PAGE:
Working Class Movement Library

A blog from the Working Class Movement Library in Salford

From The Abolitionist to The Young Socialist: another A-Z journey through one library’s periodical collection

Posted by wcmlibrary on April 11, 2014

As part of our ongoing effort to make our collections more accessible I have just finished cataloguing our long run periodicals collection and I see that it was just over a year ago that I finished the short run periodicals. So now all our unbound periodicals have been catalogued. I think that merits an extra biscuit with my afternoon tea.

And no, I haven’t just been working on the long run periodicals since then. That’s because there are significantly fewer titles – only 483 to be exact – as opposed to the 3000-odd short run titles.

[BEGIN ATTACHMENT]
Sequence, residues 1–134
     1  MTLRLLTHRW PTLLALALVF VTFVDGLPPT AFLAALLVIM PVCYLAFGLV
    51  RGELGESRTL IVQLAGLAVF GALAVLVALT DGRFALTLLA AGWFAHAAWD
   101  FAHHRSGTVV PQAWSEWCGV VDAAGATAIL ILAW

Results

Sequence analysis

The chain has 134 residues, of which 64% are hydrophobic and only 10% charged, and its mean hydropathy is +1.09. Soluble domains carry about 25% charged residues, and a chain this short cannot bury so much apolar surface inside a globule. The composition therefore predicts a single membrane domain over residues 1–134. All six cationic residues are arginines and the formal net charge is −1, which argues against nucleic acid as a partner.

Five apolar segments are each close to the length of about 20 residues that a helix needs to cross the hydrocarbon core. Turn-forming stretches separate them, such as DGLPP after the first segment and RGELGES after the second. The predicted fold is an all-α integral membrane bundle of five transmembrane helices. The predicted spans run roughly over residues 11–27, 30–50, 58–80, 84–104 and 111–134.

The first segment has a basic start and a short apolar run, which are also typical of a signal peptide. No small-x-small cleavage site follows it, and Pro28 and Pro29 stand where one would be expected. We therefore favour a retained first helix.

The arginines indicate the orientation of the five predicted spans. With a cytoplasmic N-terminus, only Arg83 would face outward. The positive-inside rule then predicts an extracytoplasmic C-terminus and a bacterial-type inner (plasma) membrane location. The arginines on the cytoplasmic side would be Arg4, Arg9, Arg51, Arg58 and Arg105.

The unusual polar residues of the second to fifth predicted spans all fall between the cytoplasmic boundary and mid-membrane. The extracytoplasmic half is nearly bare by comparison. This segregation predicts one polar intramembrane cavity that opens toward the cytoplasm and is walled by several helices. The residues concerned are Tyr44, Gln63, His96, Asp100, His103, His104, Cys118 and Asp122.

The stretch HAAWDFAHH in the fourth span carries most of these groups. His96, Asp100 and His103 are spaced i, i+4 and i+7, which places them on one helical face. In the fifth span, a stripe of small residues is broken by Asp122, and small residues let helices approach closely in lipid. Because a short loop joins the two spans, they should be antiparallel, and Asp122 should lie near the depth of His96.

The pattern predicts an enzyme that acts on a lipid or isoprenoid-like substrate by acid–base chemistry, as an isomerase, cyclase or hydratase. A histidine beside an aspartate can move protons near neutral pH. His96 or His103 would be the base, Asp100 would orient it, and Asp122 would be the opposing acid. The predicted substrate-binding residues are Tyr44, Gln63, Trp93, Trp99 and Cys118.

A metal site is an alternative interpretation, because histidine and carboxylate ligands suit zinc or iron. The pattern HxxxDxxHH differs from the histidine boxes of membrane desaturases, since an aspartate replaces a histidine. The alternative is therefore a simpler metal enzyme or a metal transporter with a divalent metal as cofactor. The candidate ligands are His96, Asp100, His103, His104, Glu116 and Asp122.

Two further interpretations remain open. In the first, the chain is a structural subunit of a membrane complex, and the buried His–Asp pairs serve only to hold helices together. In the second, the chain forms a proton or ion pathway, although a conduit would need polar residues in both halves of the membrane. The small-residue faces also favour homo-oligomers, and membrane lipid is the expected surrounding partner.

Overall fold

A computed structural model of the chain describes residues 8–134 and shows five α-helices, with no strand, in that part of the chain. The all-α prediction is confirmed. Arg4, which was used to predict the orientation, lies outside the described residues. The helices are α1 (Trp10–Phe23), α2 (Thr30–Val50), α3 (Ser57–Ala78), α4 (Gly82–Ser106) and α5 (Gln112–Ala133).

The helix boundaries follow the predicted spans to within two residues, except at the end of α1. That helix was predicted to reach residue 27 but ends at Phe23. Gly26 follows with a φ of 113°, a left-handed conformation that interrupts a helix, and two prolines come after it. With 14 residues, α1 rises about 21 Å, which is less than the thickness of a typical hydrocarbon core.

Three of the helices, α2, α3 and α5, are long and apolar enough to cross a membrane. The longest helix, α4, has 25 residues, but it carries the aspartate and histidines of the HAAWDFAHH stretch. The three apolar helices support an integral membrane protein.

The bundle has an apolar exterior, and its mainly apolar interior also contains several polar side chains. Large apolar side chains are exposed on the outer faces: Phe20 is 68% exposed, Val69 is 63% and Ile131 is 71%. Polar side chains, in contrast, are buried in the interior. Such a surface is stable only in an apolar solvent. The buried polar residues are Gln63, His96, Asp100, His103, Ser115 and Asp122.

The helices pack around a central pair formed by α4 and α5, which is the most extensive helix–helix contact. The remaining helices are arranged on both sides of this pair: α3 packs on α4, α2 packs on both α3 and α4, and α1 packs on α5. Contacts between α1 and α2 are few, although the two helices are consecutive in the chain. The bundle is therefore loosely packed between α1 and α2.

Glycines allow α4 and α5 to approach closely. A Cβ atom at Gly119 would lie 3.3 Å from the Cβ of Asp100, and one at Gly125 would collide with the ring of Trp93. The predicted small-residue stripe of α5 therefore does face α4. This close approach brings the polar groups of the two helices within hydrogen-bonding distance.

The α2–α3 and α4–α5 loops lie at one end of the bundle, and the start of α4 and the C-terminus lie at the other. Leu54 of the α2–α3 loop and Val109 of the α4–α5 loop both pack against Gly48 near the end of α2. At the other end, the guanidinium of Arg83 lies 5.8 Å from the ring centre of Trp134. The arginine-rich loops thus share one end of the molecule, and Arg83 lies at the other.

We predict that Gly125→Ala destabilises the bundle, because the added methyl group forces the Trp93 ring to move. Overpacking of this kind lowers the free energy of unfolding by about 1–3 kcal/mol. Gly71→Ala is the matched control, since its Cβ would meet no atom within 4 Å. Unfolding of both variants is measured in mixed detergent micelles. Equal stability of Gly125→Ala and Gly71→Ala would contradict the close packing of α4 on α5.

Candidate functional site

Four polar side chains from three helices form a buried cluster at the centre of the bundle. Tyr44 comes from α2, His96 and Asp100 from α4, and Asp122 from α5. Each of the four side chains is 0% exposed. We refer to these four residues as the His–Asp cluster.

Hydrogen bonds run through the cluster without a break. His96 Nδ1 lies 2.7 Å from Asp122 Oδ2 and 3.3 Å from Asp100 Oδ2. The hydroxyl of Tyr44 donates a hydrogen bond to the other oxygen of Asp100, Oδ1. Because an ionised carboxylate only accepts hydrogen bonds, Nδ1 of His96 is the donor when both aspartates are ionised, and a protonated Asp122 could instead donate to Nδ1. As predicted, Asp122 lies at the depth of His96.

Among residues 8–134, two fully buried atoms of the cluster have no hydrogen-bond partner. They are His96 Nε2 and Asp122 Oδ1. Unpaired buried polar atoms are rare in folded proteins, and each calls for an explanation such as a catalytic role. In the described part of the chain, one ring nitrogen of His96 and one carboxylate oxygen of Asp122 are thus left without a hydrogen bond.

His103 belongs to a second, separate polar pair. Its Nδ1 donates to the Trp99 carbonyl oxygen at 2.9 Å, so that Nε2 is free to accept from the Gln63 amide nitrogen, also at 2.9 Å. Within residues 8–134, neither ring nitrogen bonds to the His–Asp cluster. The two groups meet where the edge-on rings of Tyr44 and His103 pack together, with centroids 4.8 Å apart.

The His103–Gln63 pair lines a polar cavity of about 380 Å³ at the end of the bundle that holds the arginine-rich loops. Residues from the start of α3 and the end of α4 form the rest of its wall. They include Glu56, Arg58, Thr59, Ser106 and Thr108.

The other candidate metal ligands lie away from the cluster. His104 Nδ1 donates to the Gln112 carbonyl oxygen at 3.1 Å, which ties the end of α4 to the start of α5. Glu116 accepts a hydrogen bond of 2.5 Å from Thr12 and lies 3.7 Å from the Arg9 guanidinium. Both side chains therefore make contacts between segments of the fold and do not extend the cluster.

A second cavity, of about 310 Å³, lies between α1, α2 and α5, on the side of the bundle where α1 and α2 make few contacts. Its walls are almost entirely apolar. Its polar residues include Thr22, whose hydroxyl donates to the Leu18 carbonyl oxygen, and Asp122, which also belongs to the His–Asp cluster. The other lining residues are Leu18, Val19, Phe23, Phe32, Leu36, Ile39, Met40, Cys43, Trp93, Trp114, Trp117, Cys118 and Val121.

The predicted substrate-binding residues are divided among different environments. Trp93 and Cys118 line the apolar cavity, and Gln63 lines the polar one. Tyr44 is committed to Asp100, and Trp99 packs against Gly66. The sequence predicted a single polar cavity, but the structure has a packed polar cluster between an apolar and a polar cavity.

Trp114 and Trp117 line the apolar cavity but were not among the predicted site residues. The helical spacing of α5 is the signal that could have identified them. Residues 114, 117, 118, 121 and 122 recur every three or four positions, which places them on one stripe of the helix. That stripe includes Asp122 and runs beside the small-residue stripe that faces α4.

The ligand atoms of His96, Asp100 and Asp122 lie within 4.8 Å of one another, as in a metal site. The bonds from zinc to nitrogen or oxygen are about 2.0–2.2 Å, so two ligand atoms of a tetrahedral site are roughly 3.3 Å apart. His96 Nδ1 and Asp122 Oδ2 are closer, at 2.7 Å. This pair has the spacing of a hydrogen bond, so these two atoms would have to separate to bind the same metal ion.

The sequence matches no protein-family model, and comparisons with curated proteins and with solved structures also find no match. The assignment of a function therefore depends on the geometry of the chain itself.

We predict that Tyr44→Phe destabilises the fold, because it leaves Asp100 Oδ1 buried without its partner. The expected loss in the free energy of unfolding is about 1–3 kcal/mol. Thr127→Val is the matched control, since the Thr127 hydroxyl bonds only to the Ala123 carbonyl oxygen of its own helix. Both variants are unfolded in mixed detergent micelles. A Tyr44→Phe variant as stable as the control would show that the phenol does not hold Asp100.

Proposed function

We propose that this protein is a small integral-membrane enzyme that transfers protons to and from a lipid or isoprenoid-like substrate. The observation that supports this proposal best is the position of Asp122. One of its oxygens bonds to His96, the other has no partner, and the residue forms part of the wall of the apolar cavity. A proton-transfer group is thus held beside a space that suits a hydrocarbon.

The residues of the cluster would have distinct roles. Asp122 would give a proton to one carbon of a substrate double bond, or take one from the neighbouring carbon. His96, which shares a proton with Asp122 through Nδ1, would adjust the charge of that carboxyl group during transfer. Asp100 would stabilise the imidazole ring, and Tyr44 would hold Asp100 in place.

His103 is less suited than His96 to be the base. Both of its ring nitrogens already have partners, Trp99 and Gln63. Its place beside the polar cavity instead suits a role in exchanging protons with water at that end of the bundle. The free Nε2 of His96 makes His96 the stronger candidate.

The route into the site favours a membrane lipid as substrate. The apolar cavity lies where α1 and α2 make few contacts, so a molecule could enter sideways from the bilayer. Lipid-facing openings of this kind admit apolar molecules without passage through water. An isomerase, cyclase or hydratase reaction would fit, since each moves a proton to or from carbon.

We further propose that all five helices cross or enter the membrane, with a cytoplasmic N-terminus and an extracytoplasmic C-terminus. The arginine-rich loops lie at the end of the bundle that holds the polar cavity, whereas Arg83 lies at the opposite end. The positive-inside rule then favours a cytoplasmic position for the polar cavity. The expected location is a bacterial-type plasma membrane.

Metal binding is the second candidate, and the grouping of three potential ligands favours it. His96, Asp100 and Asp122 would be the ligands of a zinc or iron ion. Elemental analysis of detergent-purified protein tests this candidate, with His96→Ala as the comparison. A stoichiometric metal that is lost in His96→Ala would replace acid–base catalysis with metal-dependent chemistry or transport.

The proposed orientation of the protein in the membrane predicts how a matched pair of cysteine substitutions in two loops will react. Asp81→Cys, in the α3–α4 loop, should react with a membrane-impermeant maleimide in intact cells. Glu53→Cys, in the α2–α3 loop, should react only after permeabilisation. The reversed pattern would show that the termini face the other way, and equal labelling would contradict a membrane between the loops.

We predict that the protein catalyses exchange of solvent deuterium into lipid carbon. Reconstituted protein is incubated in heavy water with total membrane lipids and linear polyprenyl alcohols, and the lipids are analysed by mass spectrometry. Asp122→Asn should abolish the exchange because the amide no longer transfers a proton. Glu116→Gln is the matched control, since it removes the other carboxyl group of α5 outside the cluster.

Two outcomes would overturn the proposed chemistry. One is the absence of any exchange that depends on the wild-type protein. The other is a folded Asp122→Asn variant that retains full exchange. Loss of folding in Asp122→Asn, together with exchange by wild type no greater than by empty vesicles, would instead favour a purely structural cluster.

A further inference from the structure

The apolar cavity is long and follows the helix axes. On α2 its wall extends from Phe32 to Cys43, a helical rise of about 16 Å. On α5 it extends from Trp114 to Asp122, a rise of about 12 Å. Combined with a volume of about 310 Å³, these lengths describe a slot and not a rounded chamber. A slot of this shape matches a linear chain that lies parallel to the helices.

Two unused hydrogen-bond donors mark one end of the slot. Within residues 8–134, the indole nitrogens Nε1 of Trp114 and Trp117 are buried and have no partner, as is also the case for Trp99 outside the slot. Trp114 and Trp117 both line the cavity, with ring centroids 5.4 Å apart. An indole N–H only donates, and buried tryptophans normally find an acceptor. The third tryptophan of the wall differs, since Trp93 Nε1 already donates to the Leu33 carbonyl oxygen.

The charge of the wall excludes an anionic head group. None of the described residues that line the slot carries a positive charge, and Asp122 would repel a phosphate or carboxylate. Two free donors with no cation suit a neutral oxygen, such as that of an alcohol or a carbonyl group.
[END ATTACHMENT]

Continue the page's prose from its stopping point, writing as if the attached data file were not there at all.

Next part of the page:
As you would expect they cover the usual subjects such as socialism, communism, politics and trade unions, but we also have a good collection of other periodicals covering such subjects as literature, poetry and even the arts and crafts movement with a near complete run of the journal of the William Morris Society.

Catonsville Roadrunner - May 1969 (cover)

The Catonsville Roadrunner

City Fun - Vol 2 No 17

City Fun

 

Manchester also gets a look in with City Fun – a Manchester fanzine from the 1970s and 1980s to which Morrissey contributed an article about Sandie Shaw under the pseudonym Bert Macho – along with Manchester Free Press, a community paper; Manchester Women’s Liberation newsletter and New Manchester Review, another community paper.

And then there are the quirky titles, such as The Catonsville Roadrunner, a revolutionary Christian magazine, with a bit of anarchism thrown in for good measure.

 

All of which, and more, can be found by searching our online catalogue www.wcml.org.uk/catalogue/adlib-catalogue

Happy searching

Jane
Librarian

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Homage to Sartaguda – moving tales from the Spanish Civil War, told at our most recent volunteers’ lunch

Posted by wcmlibrary on February 10, 2014